Reiulf Ramstad Arkitekter completed their latest project in Norway, a residential project at Bygdøynesveien 15, Oslo. Take a look at the complete story after the jump.
Bygdøynesveien 15 (BNV15) has been developed to become a comprehensive facility that combines new buildings within a historic facility in an attractive and innovative way. Through a conscious use of a site-specific and high-quality architecture, the project gathers, reinforces and develops the place’s inherent identity.
The new facility offers forward-looking apartments. The meeting between a new residential environment and the worthy buildings from the early 1900s, as well as park and garden highlights the many qualities of our client’s ambition without compromising the site’s exclusive character.
The new buildings on the property have become a quality project based on in-depth knowledge of the area’s historical conditions, the transformation of the garden into an integrated housing structure, and a complex housing design.
BNV 15 is an important environmentally friendly residential environment with high architectural qualities. Bygdøy is a very attractive area with a distinctive character in Oslo. The project builds under the local character of the solution proposal.
The project is located along Bygdøynesveien road, on the Bygdøy peninsula just outside Oslo. The area is characterized by residential buildings with large gardens and green spaces, as well as proximity to several well-known museums and landmarks. With its distinctive character,Bygdøy is a very attractive area in Oslo.
The plot, a 16-acre English-style park, belonged to a New Baroque mansion that until 2012 was used as the Canadian ambassador’s residence. The main house from 1916 and the central park area are regulated for the preservation of the cultural environment, while new buildings are allowed in rows of separate villas on each side of the park.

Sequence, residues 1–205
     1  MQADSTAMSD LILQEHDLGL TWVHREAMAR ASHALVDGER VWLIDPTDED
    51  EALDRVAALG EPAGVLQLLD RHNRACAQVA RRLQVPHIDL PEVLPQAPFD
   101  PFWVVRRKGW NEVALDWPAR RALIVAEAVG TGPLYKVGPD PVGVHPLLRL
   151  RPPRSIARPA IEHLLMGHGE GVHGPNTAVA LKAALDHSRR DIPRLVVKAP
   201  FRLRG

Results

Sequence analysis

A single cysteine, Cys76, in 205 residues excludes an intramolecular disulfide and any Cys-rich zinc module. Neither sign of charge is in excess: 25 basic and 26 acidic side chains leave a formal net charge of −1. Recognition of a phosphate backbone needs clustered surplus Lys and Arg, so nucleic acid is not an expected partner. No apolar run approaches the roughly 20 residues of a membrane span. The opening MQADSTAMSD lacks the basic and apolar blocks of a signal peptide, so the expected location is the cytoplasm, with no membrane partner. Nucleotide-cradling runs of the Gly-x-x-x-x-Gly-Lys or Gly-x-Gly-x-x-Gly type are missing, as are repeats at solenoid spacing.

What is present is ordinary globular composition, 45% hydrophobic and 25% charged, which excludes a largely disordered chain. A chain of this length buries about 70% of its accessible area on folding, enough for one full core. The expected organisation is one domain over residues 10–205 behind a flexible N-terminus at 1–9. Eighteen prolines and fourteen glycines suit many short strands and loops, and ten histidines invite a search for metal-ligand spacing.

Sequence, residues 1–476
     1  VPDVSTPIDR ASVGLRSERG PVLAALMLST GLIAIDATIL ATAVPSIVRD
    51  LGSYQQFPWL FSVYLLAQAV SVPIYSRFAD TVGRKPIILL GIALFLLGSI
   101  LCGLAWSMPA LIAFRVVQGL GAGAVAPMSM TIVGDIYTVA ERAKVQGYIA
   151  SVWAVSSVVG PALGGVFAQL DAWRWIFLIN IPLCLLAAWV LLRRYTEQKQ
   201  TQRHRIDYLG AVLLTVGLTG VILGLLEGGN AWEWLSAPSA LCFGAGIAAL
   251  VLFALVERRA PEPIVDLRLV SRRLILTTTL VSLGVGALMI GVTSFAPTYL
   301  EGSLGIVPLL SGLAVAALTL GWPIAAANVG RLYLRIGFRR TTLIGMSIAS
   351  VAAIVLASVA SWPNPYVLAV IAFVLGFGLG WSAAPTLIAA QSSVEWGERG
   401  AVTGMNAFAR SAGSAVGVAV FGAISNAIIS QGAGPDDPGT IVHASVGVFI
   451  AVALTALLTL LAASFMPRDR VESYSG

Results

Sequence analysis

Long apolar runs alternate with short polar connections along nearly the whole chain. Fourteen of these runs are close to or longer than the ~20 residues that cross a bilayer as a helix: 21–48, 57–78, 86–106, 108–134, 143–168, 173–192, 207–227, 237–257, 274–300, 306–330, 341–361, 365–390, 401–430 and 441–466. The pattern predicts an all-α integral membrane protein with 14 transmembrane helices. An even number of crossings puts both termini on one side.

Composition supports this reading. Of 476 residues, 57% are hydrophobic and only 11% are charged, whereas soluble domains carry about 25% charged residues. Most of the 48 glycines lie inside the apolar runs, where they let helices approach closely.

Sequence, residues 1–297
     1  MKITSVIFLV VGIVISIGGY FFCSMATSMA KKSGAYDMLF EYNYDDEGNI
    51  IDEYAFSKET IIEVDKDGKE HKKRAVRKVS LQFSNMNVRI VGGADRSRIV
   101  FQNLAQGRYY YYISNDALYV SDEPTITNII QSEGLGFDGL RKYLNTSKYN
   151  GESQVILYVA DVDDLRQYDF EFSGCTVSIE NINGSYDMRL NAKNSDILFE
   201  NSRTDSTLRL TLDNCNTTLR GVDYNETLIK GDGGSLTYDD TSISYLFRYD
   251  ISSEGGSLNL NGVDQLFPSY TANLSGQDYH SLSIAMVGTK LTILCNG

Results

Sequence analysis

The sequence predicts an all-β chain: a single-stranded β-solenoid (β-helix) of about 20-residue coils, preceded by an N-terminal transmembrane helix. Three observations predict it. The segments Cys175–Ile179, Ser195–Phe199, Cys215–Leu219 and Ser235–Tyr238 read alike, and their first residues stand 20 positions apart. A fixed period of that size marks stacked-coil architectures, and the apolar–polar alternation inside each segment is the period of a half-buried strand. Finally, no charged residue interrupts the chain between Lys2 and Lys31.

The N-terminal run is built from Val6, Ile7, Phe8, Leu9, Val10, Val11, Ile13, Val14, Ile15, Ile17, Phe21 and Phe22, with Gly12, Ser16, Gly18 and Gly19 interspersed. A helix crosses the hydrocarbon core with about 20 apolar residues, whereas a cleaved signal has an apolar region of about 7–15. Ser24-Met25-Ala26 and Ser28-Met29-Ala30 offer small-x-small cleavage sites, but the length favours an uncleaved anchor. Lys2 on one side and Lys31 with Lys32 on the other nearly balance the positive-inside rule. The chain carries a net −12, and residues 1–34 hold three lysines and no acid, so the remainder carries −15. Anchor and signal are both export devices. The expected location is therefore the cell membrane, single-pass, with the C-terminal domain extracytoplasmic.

The target group of the BNV15 housing project is defined by a layer of solid economy that wants quality housing and proximity to Bygdøy and its qualities. The apartment mix provides the opportunity to adapt different types of households within this segment. The architecture uses solid materials that refer to qualitative living environments.
The architecture main approach is based on the site regulation’s proposal with six freestanding buildings, three on each side of the property’s park facilities. Since these have different character and orientation, we have divided them into two typologies:
• The park houses, to the east, which lies between Bygdøynesveien and the property’s park.
• The garden houses, to the west, located in the green area between the property’s park and adjacent property to the west.
Both groups refer in scale and design to the residential construction of the local context of Bygdøy. It is important to have a nuanced approach to the place with the distinctive and valuable historical buildings on the site, while at the same time the new apartments should offer attractive housing with good indoor and outdoor space for the residents. Therefore, it is crucial to define connections to the surrounding park, the garden, the building environments and the neighboring properties.